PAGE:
Insurance Terms – What do they mean?
Date Published: September 1st, 2015
Navigating the ins and outs of your medical insurance plan can be confusing and frustrating. It’s not uncommon for our office to receive calls from patients who seem genuinely surprised that their insurance did not cover 100% of their bill. No one enjoys unexpected financial responsibilities and yet, statistics show that over 45% of Americans do not understand their current insurance coverage. Taking the time to do a little research at the beginning of the year (when plans often change) and understanding the meanings of a few key insurance terms can help eliminate frustration and minimize your financial impact.
What does PPO mean? (Preferred Provider Organization)
PPO stands for Preferred Provider Organization and is a type of health plan that contracts with medical providers, such as hospitals and doctors, to create a network of participating providers. You pay less if you use providers that belong to your plan’s network. You may be able to use doctors, hospitals, and providers outside of your network or PPO for an additional cost.
What does Non-Participating Provider mean?
A non-participating provider means the doctor, hospital or clinic does not have a contract with your health insurance plan. A non-participating provider does not mean you can’t see or use their services, but you will pay more out of pocket expenses if you choose this option.
What does copay mean?
A copay is a fixed amount you must pay for any covered health care service. Copays are typically collected when you arrive for your appointment. Not all plans require copays but providers are contractually obligated to collect it if you do. The amount you are responsible for is usually printed on your card. The copay amount may vary depending on the type of visit as well (PCP, Specialty, ER).
What does deductible mean?
A deductible is the amount you owe for your health care services before your insurance plan will begin to pay. For example, if your deductible is $1000, your plan won’t pay anything until you’ve met your deductible for covered services that are subject to that deductible. The deductible does not apply to all services. This can be very confusing. Some plans cover wellness exams or preventative care 100% before you meet your deductible, others only cover lab or x-rays, etc.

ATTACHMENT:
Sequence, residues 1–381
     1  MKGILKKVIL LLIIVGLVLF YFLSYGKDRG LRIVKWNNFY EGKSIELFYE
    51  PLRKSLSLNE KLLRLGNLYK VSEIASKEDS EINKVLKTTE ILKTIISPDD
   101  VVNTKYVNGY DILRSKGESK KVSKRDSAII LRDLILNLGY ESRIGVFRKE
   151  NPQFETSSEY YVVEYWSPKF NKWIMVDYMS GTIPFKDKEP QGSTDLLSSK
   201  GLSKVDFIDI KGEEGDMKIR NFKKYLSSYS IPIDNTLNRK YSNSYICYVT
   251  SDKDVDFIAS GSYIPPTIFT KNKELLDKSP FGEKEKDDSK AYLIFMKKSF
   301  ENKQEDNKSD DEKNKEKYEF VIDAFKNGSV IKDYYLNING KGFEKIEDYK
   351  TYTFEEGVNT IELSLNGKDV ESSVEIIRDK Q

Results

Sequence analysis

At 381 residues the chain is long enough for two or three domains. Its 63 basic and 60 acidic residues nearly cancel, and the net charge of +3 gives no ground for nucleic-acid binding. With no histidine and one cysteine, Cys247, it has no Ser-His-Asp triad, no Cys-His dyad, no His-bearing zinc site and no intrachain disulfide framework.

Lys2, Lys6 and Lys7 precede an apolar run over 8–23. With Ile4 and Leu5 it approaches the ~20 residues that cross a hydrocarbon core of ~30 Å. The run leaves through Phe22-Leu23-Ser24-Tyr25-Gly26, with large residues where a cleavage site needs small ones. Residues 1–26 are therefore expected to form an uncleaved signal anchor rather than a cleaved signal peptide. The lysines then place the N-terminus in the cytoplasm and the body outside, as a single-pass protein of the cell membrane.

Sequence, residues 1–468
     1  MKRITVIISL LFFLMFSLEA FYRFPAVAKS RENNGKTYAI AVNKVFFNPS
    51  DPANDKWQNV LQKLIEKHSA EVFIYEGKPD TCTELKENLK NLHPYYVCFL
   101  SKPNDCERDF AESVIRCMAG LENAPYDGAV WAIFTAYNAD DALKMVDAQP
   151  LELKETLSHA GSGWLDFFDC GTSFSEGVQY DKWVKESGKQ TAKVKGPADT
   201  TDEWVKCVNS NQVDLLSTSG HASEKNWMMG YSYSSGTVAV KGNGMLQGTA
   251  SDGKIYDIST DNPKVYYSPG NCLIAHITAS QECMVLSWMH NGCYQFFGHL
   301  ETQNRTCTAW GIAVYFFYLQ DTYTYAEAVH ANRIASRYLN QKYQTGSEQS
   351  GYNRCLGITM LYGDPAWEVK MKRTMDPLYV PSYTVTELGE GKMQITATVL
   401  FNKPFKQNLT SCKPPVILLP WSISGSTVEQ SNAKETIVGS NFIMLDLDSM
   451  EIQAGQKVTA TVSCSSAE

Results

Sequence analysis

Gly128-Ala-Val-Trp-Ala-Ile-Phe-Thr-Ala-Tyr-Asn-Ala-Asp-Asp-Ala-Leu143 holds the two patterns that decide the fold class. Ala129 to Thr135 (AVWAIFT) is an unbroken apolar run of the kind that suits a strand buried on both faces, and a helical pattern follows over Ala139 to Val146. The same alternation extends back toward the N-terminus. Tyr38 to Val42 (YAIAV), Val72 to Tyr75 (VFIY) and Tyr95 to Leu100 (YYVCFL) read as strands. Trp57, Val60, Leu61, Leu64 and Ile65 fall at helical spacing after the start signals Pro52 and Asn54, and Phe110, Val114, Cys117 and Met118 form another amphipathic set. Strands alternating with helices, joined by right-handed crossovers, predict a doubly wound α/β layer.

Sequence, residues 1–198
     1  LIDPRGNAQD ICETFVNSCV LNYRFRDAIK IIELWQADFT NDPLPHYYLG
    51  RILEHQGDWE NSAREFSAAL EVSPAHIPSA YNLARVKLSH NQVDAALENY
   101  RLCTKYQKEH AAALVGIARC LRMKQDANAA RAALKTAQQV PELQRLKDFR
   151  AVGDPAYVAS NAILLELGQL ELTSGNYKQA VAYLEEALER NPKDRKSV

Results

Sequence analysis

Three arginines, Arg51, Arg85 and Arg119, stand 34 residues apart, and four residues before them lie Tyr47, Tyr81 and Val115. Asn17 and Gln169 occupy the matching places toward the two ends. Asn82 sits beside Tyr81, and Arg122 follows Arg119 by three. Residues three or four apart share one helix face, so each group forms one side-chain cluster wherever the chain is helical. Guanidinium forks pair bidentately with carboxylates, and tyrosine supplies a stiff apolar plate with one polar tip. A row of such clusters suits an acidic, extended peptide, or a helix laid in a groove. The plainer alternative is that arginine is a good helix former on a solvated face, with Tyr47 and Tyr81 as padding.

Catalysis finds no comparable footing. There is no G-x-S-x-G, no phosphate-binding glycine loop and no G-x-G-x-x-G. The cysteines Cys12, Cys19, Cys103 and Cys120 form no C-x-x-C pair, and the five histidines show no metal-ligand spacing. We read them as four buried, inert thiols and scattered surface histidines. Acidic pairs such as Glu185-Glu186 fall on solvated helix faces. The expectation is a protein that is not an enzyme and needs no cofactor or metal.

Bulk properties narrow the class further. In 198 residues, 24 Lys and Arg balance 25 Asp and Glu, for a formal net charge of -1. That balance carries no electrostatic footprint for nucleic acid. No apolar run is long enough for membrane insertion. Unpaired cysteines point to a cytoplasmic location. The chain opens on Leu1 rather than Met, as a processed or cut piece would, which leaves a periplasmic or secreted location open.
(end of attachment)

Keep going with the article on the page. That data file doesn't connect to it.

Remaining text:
What is a covered service?
A covered service is one that the policy holder is entitled to under the terms of the contract. Covered services can also be confusing because even if the patient is entitled, the service may not be paid if you have not met your deductible yet (see above).
Who is the primary subscriber?
The primary subscriber is the individual under whom the plan is held (often the employee of the company sponsoring the plan).
Who is considered a dependent?
A dependent is any additional family member covered under the primary subscriber (see above).
What does Pre-Authorization mean?
A preauthorization is a decision or approval given by your health insurer that a specific service, treatment plan, prescription drug or durable medical equipment is medically necessary. Preauthorization can sometimes be referred to as prior authorization, prior approval or precertification. Your health insurance may require preauthorization for certain services before you receive them, except in an emergency. Preauthorization is not a promise your health insurance plan will cover the cost.
What is an EOB (Explanation of Benefits)?
An EOB is the health insurance company’s written explanation of how a medical claim was processed and paid on their end. The EOB contains detailed information about the insurance company paid and what portion of the costs you are responsible for. A copy of the EOB is also sent to your medical provider.
Do the research on your insurance and insurance terms before scheduling appointments, especially if you are going to an office for the first time. If you are unsure of your coverage, call the phone number on your insurance card and ask questions. Another great resource to utilize is the HR department of the company you are covered under, there is usually a designated benefits specialist that should know the basic details of your plan. Some of the larger insurance companies offer online customer service access as well as regular newsletters to keep you informed of any changes.
Would you like to know more about what can ease your office visit with your doctor? Read how to avoid medical frustrations and preparing for your doctors visit.
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